Ever since Arthur Conan Doyle passed away, writers have been complaining about the crappy behavior of the Doyle Estate.* So it came as no surprise that, when the Holmes stories passed into the public domain, the Estate kept right on claiming that they had the right and duty to keep charging for use of the characters and quotes.
And since writers and publishers are mostly not a litigious lot, they put up with legal threats and prettified extortion of money.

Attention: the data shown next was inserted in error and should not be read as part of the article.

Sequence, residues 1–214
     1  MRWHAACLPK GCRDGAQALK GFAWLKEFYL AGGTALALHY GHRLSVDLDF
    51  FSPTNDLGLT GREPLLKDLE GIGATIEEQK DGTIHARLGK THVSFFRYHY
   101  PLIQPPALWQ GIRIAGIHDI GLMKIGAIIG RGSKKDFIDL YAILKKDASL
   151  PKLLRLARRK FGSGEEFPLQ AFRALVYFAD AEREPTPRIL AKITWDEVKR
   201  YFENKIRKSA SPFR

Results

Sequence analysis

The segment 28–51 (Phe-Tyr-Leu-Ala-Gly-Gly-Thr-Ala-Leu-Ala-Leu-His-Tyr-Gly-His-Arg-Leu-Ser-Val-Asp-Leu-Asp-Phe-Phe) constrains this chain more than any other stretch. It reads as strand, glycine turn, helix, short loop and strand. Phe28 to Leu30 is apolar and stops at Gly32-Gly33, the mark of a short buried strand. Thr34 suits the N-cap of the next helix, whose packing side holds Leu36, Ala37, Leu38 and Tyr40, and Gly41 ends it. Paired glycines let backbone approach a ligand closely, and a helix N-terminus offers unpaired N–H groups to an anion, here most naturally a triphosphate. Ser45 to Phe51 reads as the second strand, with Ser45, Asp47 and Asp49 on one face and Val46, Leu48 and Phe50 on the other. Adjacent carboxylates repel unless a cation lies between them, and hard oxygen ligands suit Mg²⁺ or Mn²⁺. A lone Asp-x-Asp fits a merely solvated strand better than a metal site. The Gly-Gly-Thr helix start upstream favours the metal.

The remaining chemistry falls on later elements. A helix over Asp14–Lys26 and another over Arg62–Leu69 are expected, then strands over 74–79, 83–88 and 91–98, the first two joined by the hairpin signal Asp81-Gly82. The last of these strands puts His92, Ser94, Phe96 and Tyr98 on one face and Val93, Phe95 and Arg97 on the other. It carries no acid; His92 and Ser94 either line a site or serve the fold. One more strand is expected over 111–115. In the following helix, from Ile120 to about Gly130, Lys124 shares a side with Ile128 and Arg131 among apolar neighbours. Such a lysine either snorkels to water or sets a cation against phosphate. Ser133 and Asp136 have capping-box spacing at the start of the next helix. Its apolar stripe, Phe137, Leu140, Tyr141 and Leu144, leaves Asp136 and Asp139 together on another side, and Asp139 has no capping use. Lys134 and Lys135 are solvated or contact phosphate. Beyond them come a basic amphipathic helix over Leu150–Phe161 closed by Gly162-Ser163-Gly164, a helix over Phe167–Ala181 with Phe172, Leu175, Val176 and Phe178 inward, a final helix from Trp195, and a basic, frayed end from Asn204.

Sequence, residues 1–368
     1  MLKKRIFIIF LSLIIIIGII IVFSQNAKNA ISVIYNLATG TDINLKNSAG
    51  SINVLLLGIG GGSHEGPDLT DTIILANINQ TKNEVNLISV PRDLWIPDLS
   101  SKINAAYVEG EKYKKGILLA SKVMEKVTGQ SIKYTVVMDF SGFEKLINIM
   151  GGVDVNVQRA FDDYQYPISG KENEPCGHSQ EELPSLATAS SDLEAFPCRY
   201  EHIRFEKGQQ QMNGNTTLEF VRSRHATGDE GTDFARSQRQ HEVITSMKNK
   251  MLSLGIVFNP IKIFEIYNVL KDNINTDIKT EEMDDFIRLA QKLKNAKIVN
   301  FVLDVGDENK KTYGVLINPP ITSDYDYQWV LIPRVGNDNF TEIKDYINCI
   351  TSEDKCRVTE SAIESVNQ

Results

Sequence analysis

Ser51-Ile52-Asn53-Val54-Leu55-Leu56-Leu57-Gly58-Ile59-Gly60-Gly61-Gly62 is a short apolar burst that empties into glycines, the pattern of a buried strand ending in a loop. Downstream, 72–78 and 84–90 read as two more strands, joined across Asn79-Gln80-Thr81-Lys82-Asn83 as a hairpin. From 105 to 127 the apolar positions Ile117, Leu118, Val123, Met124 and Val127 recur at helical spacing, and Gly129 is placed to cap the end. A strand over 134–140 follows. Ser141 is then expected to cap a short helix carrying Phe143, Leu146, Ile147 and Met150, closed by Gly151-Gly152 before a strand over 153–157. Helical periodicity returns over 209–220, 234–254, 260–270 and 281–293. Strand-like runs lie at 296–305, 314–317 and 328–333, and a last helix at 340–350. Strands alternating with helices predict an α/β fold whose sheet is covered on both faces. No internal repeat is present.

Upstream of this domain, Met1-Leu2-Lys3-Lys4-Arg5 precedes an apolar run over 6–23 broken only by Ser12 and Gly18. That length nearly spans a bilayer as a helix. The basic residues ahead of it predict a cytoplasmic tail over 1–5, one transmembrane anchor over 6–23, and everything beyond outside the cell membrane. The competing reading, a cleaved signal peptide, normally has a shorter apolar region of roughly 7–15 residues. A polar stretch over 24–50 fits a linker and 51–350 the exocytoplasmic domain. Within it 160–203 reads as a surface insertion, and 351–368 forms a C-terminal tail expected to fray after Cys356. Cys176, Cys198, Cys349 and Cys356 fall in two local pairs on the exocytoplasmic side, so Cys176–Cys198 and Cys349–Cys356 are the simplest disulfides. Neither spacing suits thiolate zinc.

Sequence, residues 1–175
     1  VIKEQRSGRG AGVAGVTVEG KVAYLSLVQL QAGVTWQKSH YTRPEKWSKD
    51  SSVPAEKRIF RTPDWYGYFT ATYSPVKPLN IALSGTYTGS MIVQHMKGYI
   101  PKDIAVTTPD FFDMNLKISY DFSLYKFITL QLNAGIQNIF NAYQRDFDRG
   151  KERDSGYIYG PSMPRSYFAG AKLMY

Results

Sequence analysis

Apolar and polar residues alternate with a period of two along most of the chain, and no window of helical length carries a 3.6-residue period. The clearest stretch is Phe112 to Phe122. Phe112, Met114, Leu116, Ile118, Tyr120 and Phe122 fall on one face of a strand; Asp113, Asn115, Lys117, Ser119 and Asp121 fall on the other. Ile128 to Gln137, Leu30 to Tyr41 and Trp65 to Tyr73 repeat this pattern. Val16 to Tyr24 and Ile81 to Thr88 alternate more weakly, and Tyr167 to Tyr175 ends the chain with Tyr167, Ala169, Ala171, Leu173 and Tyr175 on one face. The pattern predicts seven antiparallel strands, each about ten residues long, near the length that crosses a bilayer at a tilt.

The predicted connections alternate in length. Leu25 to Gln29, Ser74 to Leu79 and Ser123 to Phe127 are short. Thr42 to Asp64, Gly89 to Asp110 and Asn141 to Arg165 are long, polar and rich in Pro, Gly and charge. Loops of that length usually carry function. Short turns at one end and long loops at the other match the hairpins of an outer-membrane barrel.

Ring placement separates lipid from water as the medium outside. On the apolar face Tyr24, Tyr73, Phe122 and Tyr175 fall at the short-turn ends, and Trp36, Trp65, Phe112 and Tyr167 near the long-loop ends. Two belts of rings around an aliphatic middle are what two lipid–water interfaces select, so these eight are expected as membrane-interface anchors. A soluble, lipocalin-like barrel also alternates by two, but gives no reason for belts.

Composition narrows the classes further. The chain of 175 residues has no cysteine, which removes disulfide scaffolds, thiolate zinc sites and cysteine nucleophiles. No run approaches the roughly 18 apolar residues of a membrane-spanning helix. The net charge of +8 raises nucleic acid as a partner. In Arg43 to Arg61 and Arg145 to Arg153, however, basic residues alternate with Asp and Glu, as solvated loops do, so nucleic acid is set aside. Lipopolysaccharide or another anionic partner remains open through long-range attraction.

Until Les Klinger, because he is just that awesome.
So this week, a scholarly gentleman who loves truth triumphed over the forces of thuggery, and got Sherlock Holmes (and all his fellow pre-1923 characters and settings) declared to be part of the public domain in the United States. This ruling doesn’t apply in the EU and elsewhere, but it sure applies to a lot of excellent projects about Holmes.